This past Thursday, the Investor Advisory Committee (IAC) of the Securities and Exchange Commission (SEC) reviewed and discussed the written proposal from the Investor-as-Owner Subcommittee (Subcommittee) for a recommendation to the Commission on modifying and improving the structure of the proxy process, commonly referred to as “proxy plumbing.”  The discussion was a continuation of the discussion the IAC previously held at its September 2018 public meeting.  That meeting preceded the SEC Roundtable on the Proxy Process in November 2018, which we previously discussed.

At the July 25, 2019 meeting, the Subcommittee made the following four recommendations on proxy plumbing:

  • The SEC should require end-to-end vote confirmations to end-users of the proxy system, potentially commencing with a pilot involving the largest companies;
  • The SEC should require all involved in the system to cooperate in reconciling vote-related information, on a regular schedule, including outside specific votes, to provide a basis for continuously uncovering and remediating flaws in the basic “plumbing” of the system;
  • The SEC should conduct studies on (a) investor views on anonymity and (b) share lending, and
  • The SEC should adopt its proposed “universal proxy” rule, with the modest changes that would be needed to address objections that have been raised to that proposal.

Committee members’ feedback on the Subcommittee’s recommendations seemed generally favorable, though no indication was given on the likelihood of the SEC implementing any of the recommendations.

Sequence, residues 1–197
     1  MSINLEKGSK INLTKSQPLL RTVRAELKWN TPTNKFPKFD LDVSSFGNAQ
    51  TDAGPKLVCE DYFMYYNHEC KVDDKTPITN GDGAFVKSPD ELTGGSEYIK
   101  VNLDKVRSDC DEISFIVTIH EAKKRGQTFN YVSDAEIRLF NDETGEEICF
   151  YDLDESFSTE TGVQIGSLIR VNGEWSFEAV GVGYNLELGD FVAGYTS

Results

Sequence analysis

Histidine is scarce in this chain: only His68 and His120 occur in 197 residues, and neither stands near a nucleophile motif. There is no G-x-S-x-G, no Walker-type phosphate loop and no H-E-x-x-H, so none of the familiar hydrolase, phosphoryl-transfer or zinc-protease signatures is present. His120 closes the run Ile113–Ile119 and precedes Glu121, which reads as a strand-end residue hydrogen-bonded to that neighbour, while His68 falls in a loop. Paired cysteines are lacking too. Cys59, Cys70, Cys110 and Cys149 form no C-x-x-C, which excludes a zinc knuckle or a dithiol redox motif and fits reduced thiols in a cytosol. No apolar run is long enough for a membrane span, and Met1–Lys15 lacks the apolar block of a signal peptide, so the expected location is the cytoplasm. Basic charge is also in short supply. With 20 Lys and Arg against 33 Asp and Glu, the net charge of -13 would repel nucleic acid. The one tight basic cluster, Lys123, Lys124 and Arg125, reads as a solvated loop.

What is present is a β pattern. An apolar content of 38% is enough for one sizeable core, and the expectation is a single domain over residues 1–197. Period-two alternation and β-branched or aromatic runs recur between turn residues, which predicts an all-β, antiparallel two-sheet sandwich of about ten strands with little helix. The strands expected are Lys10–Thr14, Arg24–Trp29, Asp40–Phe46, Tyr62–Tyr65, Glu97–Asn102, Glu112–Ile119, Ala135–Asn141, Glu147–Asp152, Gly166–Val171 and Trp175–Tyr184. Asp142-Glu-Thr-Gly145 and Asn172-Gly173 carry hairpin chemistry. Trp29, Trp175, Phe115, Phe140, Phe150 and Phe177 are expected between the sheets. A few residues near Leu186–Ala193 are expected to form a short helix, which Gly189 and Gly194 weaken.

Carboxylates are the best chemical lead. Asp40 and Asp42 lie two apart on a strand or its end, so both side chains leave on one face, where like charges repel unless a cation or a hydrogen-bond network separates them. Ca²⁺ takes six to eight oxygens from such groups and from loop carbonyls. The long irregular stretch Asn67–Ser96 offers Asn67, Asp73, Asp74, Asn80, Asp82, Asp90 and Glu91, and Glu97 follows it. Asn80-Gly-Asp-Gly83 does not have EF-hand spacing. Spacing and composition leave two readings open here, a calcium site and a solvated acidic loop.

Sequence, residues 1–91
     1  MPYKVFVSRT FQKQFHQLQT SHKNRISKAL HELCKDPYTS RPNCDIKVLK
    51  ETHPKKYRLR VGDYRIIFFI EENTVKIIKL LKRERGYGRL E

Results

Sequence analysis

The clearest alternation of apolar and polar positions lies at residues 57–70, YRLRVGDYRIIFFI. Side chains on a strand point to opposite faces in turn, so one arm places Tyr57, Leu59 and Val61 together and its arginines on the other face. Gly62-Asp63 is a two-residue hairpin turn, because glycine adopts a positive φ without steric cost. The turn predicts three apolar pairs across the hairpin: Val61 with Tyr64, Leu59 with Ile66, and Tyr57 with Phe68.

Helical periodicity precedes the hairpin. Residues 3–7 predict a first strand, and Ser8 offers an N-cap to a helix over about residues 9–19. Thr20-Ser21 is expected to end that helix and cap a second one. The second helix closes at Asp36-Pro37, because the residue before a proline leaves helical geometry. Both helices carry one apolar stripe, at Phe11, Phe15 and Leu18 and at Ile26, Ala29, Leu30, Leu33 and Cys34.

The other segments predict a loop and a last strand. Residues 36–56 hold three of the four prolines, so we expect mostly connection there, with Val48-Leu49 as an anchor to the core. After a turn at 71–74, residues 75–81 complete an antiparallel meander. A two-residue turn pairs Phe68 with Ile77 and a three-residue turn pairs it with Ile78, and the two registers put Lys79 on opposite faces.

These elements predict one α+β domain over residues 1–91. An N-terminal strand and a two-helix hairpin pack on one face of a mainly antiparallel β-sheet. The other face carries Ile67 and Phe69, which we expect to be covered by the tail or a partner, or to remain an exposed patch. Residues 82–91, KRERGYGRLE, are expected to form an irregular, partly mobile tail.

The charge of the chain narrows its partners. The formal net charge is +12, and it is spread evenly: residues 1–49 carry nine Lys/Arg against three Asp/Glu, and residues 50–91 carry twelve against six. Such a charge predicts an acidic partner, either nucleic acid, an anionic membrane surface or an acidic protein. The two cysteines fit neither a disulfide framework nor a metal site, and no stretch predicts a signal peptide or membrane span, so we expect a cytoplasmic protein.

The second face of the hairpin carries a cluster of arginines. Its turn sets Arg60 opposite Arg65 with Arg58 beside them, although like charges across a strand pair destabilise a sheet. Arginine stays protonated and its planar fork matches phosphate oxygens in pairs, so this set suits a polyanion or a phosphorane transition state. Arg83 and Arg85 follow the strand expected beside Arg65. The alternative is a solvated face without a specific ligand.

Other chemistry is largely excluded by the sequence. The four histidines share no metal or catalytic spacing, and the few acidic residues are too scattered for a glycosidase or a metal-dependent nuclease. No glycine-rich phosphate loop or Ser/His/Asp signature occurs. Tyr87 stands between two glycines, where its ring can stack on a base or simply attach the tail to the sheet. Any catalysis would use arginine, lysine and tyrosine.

The IAC elected to postpone voting on whether to make any recommendations to the Commission. The IAC reasoned that, given the complexity of the topic, members needed additional time to digest the information. The IAC hopes to hold the vote at another public meeting before September 2019.

Although the Commissioners were not in attendance during the proxy process presentation and discussion in the afternoon, two Commissioners made express reference to the proxy process agenda item in their respective opening remarks before the morning session. Chair Clayton noted that the proxy process is an important topic and added his hope that “we will keep in mind that the interest of the long-term Main Street Investor (MSI) should be a key priority as we consider any changes to the system.”  Clayton raised a number of questions for the IAC to be mindful of such as why MSIs with direct holdings are voting less often. The newest Commissioner, Allison Lee, stated that she was “very pleased to see renewed attention regarding universal proxy ballots and ensuring that shareholders have equal rights when voting for board candidates.”